(Cover Image sourced from 


“Better Online Living through Content Moderation by Melissa King | Model View Culture.” N.p., n.d. Web. 7 Mar. 2016.

Exposure Therapy: All you need to know.

What is Exposure Therapy? 

According to the American Psychological Association, Exposure therapy is a psychological treatment that was developed to help people confront their fears. When people are fearful of something, they tend to avoid the feared objects, activities, or situations. Although this avoidance might help reduce feelings of fear in the short term, over the long term it can make the fear become even worse. In such situations, a psychologist might recommend a program of exposure therapy in order to help break the pattern of avoidance and fear. In this form of therapy, psychologists create a safe environment in which to “expose” individuals to the things they fear and avoid. The exposure to the feared objects, activities, or situations in a safe environment helps reduce fear and decrease avoidance.

In short, Exposure therapy is the idea that exposing people to their fears in controlled amounts will help people ultimately overcome their fears and decrease the chances of those people avoiding that fear.

Who can it help? 

Exposure therapy is usually used to help people with PTSD. However it can also be used to help those with phobias, anxiety and panic attacks and people with obsessive compulsive disorders.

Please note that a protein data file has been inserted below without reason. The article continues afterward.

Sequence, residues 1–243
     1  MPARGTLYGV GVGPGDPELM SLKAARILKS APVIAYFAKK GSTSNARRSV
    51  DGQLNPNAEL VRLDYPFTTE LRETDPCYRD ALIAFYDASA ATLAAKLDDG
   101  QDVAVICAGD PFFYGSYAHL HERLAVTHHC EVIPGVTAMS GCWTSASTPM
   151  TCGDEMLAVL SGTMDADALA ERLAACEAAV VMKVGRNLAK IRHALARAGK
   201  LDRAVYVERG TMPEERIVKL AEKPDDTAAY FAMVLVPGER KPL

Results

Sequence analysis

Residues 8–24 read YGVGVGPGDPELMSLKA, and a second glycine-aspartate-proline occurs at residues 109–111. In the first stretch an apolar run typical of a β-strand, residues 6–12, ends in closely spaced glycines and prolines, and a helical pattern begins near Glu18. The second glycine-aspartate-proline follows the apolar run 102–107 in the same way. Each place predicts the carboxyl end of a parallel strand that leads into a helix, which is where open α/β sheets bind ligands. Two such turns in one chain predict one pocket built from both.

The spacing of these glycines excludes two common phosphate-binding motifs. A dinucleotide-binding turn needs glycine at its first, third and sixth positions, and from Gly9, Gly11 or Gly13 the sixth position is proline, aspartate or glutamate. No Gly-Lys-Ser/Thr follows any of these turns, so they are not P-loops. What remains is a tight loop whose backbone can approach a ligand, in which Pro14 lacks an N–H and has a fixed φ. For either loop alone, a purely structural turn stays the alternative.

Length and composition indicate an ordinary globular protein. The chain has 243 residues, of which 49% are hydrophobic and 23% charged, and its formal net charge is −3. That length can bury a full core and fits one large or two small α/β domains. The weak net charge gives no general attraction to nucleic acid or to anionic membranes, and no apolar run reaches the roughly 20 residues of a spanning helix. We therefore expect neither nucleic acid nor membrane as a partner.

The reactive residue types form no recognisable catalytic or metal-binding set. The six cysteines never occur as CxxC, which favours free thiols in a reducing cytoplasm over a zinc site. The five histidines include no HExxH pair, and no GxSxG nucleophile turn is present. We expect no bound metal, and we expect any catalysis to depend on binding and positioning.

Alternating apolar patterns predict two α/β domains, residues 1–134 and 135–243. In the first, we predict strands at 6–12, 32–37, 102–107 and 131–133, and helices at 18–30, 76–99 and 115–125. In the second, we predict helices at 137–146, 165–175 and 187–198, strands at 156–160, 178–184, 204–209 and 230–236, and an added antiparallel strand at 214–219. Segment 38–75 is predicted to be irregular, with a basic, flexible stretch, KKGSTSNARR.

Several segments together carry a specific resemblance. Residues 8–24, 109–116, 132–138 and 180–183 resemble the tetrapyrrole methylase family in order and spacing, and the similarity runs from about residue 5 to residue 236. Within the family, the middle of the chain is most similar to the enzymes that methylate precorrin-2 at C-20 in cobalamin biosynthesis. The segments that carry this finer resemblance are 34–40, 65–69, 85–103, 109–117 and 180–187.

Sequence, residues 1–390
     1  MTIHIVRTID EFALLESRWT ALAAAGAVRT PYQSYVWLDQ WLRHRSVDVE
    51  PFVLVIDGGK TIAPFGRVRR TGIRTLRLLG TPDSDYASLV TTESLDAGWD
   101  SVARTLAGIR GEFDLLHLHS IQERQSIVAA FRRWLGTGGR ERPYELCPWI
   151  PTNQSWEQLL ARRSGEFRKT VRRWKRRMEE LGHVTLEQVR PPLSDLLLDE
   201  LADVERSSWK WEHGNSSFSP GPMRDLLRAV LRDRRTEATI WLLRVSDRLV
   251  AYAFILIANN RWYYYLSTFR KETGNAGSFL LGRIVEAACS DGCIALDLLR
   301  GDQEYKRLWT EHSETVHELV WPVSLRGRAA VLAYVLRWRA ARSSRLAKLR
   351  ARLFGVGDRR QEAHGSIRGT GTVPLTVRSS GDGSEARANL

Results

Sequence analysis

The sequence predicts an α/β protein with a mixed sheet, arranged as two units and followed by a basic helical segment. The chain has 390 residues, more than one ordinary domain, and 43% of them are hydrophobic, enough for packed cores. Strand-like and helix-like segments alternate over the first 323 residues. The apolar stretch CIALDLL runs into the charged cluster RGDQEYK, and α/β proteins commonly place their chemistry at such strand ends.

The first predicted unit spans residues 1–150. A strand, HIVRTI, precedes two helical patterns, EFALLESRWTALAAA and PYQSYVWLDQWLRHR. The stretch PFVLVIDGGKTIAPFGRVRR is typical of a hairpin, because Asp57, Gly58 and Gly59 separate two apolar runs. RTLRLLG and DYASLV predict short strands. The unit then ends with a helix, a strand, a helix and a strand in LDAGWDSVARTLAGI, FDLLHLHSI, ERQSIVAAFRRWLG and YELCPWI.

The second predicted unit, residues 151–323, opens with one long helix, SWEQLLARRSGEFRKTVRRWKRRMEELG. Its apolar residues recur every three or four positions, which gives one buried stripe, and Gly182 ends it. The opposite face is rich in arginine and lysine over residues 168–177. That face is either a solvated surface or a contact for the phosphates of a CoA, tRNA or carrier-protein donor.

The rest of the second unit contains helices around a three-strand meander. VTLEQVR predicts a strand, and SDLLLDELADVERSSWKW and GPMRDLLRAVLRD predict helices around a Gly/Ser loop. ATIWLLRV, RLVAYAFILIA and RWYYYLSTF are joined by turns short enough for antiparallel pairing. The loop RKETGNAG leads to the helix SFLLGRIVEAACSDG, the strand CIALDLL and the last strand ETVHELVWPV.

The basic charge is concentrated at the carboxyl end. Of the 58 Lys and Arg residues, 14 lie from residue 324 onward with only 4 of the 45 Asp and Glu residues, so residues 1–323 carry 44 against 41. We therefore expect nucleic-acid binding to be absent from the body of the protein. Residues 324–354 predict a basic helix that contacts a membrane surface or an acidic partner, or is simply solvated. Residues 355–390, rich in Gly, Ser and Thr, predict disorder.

Types of Treatment

  1. In vivo exposure: This involves the person directly facing their fears. For example, a person who is afraid of bugs may be directly exposed to them.
  2. Imaginal exposure: This involves the person mentally pushing themselves to recreate the fear or imagine and discussing it.
  3. Virtual reality exposure: This method is the same as In vivo exposure, but is used when peoples fears are not easily obtainable or difficult to recreate.
  4. Interoceptive exposure: This involves the person bringing their fear upon themselves and realizing that it can not harm them.

Rate of Treatment

Treatment can be administered three different ways. The first way is Graded exposure. In graded exposure, the person is slowly exposed to their fears and is gradually increased as the treatment progresses. For some this means starting with “easy fears” and progressing to more difficult ones. The second rate of treatment is Flooding. In flooding, the person starts with multiple fears at once and is usually exposed to their greatest fears. The last rate of treatment is Systematic Desensitization. This type of treatment places people with their fears however, they are relaxed beforehand. The idea is that they will be relaxed and therefore will not feel the fear as strongly and eliminate it altogether.

Sourced from: http://www.div12.org/sites/default/files/WhatIsExposureTherapy.pdf

Mmm mmm mmm! Octane Coffee and Bar (3).